Tropical Cyclone 02A has consolidated and strengthened over a 24 hour period between June 10 and 11 and an image from NASA's Aqua satellite showed a more rounded tropical storm, despite wind shear.

As Tropical Cyclone 02A consolidated and strengthened into a tropical storm it was re-named Nanauk. NASA's Aqua satellite passed over Nanauk on June 11 at 08:29 UTC (4:29 a.m. EDT) and the Atmospheric Infrared Sounder (AIRS) captured an infrared and near-infrared image of the storm. The near-infrared image provided an almost visible look at the clouds that revealed a well-rounded tropical cyclone with good circulation. The infrared image showed that the storms that surrounded the center of circulation had very cold and high cloud tops. The AIRS images were created by NASA's Jet Propulsion Laboratory in Pasadena, California.

Animated enhanced infrared satellite imagery shows that a large area of strong convection and building thunderstorms has continued over the low-level circulation center. Nanauk is still being buffeted by moderate to strong easterly vertical wind shear (20 to 30 knots). The wind shear has pushed the strongest thunderstorms into the western quadrant of the storm.

By 1500 UTC (11 a.m. EDT) Tropical cyclone Nanauk's maximum sustained winds were near 55 knots. It was centered near 17.5 north latitude and 65.8 east longitude, about 452 nautical miles east-southeast of Masirah Island. Nanauk was moving to the west-northwest at 6 knots.

Forecasters at the Joint Typhoon Warning Center expect Nanauk to continue strengthening for another day and a half before running into higher wind shear and dry air as it approaches the Arabian Peninsula.

Text credit:  Rob Gutro
NASA's Goddard Space Flight Center


[image-51]June 10, 2014 - NASA-NOAA's Suomi NPP Satellite Spots Arabian Sea Tropical Cyclone

Tropical Cyclone 02A formed in the Arabian Sea as NASA-NOAA's Suomi NPP satellite passed overhead and captured a visible photo of the storm, spotting strongest storms south of its center.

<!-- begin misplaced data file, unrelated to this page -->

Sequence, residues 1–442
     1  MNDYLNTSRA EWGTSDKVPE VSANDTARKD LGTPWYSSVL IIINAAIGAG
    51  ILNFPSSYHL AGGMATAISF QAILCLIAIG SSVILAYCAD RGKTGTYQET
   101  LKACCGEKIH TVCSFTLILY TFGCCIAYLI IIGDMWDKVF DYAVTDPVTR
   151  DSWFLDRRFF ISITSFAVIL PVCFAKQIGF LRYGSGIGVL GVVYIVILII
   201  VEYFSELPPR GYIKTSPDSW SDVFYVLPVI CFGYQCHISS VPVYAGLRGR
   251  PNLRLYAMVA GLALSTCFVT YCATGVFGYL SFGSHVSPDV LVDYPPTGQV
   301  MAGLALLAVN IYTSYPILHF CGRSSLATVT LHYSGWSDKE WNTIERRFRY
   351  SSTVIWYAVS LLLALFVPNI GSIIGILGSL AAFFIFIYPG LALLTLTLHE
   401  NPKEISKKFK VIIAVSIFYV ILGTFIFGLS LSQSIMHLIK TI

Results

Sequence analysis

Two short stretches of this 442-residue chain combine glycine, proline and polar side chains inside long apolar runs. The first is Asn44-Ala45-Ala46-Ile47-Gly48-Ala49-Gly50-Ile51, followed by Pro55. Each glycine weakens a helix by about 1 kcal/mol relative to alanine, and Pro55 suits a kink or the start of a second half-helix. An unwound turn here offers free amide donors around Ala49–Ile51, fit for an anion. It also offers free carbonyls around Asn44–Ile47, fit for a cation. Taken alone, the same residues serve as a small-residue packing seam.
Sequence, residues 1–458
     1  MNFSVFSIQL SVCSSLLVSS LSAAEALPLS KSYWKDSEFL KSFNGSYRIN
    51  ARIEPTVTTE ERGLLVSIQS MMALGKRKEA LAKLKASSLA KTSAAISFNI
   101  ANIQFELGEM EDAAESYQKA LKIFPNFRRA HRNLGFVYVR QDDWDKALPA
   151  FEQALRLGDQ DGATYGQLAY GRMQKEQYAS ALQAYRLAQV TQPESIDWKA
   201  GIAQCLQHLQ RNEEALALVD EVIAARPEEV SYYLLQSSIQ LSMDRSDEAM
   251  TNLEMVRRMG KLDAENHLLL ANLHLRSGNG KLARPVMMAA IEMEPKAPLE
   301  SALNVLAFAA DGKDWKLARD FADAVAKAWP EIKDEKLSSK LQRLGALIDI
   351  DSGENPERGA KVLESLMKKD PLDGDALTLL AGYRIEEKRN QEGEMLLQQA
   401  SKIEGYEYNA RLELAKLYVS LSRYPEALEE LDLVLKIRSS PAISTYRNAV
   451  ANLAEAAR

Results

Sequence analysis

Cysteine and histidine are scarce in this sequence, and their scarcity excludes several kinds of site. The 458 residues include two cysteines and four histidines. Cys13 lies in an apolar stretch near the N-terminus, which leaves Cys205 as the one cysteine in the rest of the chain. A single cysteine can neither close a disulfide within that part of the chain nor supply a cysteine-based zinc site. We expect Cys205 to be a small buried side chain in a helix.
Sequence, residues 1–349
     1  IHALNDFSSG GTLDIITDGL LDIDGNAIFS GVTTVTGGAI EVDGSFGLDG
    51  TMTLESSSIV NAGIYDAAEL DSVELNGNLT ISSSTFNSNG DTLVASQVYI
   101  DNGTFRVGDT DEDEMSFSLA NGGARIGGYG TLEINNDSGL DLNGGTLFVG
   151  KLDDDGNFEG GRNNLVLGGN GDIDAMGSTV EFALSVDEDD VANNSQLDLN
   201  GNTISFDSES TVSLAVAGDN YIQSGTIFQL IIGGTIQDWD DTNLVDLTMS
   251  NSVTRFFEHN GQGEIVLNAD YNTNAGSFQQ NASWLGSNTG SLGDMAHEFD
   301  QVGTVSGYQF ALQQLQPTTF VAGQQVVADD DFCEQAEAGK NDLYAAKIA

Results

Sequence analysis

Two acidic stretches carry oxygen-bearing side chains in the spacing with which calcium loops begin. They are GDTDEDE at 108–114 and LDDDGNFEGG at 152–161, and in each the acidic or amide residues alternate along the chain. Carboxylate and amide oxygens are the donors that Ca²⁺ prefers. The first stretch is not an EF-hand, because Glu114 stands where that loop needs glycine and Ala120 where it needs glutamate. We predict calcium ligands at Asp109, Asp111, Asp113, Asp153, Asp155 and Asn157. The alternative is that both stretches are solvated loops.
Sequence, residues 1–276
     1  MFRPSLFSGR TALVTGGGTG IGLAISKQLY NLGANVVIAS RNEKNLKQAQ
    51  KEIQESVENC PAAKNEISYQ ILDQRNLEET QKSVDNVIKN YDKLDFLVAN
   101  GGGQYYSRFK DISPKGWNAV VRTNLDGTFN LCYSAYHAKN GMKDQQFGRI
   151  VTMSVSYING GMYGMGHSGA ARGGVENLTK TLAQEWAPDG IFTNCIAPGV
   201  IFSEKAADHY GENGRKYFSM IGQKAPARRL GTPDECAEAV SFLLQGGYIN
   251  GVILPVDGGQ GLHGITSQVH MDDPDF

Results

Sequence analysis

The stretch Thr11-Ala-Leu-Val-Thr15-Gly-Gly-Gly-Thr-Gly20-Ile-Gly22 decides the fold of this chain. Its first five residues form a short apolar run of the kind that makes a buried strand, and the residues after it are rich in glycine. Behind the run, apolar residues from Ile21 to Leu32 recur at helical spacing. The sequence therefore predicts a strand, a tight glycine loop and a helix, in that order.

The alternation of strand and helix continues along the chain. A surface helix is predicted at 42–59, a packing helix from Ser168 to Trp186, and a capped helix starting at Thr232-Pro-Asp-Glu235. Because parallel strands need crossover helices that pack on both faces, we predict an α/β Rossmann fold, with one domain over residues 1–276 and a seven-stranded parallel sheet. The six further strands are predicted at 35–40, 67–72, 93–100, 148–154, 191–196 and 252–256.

On June 10 at 08:21 UTC (4:21 a.m. EDT), when Suomi NPP passed over 02A, the Visible Infrared Imaging Radiometer Suite (VIIRS) instrument aboard captured a visible image of the storm.  VIIRS collects visible and infrared imagery and global observations of land, atmosphere, cryosphere and oceans.

In the image, Tropical Storm 02A appeared slightly elongated but satellite data shows that it is consolidating and getting better organized. In the visible image, the strongest, tallest thunderstorms (that were casting shadows on the lower thunderstorms) appeared to be south of the center of circulation. The image was created by the Naval Research Laboratory in Washington, D.C.

JTWC indicated that animated enhanced infrared satellite imagery on June 10 showed a slowly-consolidating low-level circulation center with deep convective banding located primarily over the southern semi-circle.

At 1500 UTC (11 a.m. EDT) on June 10, the Joint Typhoon Warning Center or JTWC stated that 02A had maximum sustained winds near 40 knots (46 mph/74 kph). It was located near 16.6 north latitude and 68.0 east longitude, about 508 nautical miles (584 miles/941 km) south of Karachi, Pakistan. 02A has tracked north-northwestward at 8 knots.

JTWC forecasters expect 02A to turn more toward west-northwest over the next couple of days. According to JTWC, 02A is expected to make hurricane status in the next couple of days before weakening on its approach to the Arabian Peninsula.

Text credit:  Rob Gutro
NASA's Goddard Space Flight Center

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VIIRS image of 02A
This visible image from June 10 at 5:23 a.m. EDT from the VIIRS instrument aboard NASA-NOAA's Suomi NPP satellite showed the strong thunderstorms south of the center of Tropical Storm 02A in the Arabian Sea.
Image Credit: 
NASA JPL, Ed Olsen
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AIRS image of Nanauk
This near infrared image of Tropical Cyclone Nanauk was taken by the AIRS instrument aboard NASA's Aqua satellite on June 11 at 08:29 UTC (4:29 a.m. EDT).
Image Credit: 
NASA JPL, Ed Olsen
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AIRS image of Nanauk
This infrared AIRS instrument image from June 12 at 5:11 a.m. EDT shows powerful thunderstorms around Nanauk's center (purple) and a band of thunderstorms that almost completely circling the storm with the exception of the southwestern quadrant.
Image Credit: 
NASA JPL, Ed Olsen
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TRMM image of Nanauk
This TRMM satellite 3-D image shows that Tropical Storm Nanauk contained powerful towering thunderstorms that were reaching heights of up to 16.8 km (10.4 miles) on June 11, 2014.
Image Credit: 
SSAI/NASA, Hal Pierce
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This TRMM satellite flyby animation shows that Tropical Storm Nanauk contained powerful towering thunderstorms that were reaching heights of up to 16.8 km (10.4 miles) on June 11, 2014.
Image Credit: 
SSAI/NASA, Hal Pierce
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Page Last Updated: June 13th, 2014
Page Editor: Lynn Jenner